Harkin said that he objected to the White House’s emphasis on non-security discretionary spending, which is about 12% of the overall budget but has drawn the overwhelming attention of both parties in their efforts to trim the deficit. Neither Democratic or Republican leaders are proposing raising taxes to help bridge the gap. According to Harkin, discretionary spending cuts disproportionately hurt working families by targeting safety net programs and education.

“The White House is wrong on that,” Harkin said. “I want to see proposals like what Bill Clinton did in 1995. He said we’re not going to cut education, we’re not going to cut women, infant, and children programs, we’re just not going to cut those specific things. I want to see the President out there using his bully pulpit…talking about what those specific cuts are out there and then to advocate, saying ‘Look everything is on the table.’” […]

“If we’re going to do this let’s do it fair — one-third mandatory, one-third discretionary, one-third revenue,” he said.

I’m “shocked, shocked” that the Obama administration conceded the heart of the budget cut dispute to the GOP before the serious deal-making began.

This is an open thread. What’s on your mind this weekend, Bleeding Heartland readers?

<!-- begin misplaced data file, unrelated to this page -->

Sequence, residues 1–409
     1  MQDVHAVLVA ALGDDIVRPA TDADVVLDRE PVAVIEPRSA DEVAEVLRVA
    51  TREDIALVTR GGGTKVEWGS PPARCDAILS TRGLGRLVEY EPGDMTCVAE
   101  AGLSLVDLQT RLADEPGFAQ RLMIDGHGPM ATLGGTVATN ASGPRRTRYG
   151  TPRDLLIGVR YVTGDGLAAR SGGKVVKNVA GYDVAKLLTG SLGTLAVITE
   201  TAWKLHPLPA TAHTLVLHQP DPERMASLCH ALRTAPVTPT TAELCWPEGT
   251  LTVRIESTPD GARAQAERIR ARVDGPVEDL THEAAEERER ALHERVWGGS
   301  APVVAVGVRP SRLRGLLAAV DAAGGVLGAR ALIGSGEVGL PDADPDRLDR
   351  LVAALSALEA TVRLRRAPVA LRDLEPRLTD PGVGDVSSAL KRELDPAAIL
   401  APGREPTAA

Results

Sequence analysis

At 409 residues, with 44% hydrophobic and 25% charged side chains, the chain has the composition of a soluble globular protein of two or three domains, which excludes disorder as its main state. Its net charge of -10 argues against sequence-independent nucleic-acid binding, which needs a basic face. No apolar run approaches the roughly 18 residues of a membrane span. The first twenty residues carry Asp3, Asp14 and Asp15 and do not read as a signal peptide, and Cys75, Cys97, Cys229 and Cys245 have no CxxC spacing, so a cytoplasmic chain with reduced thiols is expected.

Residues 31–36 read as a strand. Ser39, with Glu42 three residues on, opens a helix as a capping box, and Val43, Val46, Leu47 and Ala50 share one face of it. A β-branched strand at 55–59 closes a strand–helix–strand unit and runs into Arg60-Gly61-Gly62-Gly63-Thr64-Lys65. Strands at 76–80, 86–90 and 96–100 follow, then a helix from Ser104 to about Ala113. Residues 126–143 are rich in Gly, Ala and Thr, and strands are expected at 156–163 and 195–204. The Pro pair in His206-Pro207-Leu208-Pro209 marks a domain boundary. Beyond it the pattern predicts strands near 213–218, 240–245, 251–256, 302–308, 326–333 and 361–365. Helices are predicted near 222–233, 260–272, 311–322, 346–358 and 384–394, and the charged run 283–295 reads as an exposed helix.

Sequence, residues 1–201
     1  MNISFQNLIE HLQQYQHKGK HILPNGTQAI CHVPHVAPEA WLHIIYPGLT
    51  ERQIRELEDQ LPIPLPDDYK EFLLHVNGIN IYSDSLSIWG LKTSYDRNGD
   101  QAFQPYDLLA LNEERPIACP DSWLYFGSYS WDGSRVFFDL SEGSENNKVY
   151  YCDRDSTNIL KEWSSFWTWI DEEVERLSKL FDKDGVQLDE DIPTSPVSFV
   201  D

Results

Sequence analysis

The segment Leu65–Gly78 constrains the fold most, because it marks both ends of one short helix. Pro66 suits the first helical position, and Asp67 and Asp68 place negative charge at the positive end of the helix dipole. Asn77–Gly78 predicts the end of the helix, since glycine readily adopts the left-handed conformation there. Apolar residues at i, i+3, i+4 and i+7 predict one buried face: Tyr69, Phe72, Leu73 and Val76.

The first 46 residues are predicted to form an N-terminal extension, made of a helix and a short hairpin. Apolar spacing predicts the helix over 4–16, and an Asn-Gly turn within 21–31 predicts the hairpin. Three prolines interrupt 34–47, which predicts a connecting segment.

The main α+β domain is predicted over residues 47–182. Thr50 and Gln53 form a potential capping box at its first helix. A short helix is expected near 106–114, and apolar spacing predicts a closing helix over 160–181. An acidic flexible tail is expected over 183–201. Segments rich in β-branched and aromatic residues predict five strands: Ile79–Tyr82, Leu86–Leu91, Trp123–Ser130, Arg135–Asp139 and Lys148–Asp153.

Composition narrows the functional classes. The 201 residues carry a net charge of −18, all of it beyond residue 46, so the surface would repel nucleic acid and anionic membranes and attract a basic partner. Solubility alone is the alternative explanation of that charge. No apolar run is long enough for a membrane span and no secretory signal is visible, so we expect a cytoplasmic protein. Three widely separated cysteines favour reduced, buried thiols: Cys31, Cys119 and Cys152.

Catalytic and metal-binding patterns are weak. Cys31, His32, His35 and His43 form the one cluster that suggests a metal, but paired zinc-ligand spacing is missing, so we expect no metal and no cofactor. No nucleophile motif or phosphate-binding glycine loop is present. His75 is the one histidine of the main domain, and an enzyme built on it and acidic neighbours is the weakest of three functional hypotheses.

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Weekend open thread: Mubarak resigns edition

Putting up the weekend open thread early in case Bleeding Heartland readers want to talk about the momentous news out of Egypt. After Egyptian President Hosni Mubarak didn’t step down as anticipated yesterday, I thought he was heading for a Ceausescu endgame. However, today Mubarak handed power over to the military, ending 30 years in control of Egypt. On paper, Mubarak is one of the richest men in the world, but it’s not clear how much of that wealth is accessible to him; Switzerland has already frozen his accounts.

President Barack Obama sent Mubarak a fairly clear signal yesterday that it was time to go. I posted the full text of Obama’s speech today after the jump. I expect that for now Egypt will remain one of the top U.S. foreign aid recipients.

This is an open thread–all topics welcome.

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Weekend open thread: Reagan's 100th birthday edition

Sunday, February 6 would have been Ronald Reagan’s 100th birthday, and the occasion will be marked by a graveside ceremony in California and a tribute video to be aired during the Superbowl. I try not to speak ill of the dead, but I honestly struggle to think of anything Reagan did that benefited the country, besides signing the arms control treaty with the USSR. Not only was he nowhere near one of the great presidents, his main legacy was massive income inequality. He cut programs aimed at helping the poor and demonized welfare recipients successfully, paving the way for the welfare reforms of the 1990s. I disliked Reagan’s politics so much that Barack Obama’s rhetorical similarity to the Gipper was a big reason I never could warm up to Obama’s “inspiring” speeches.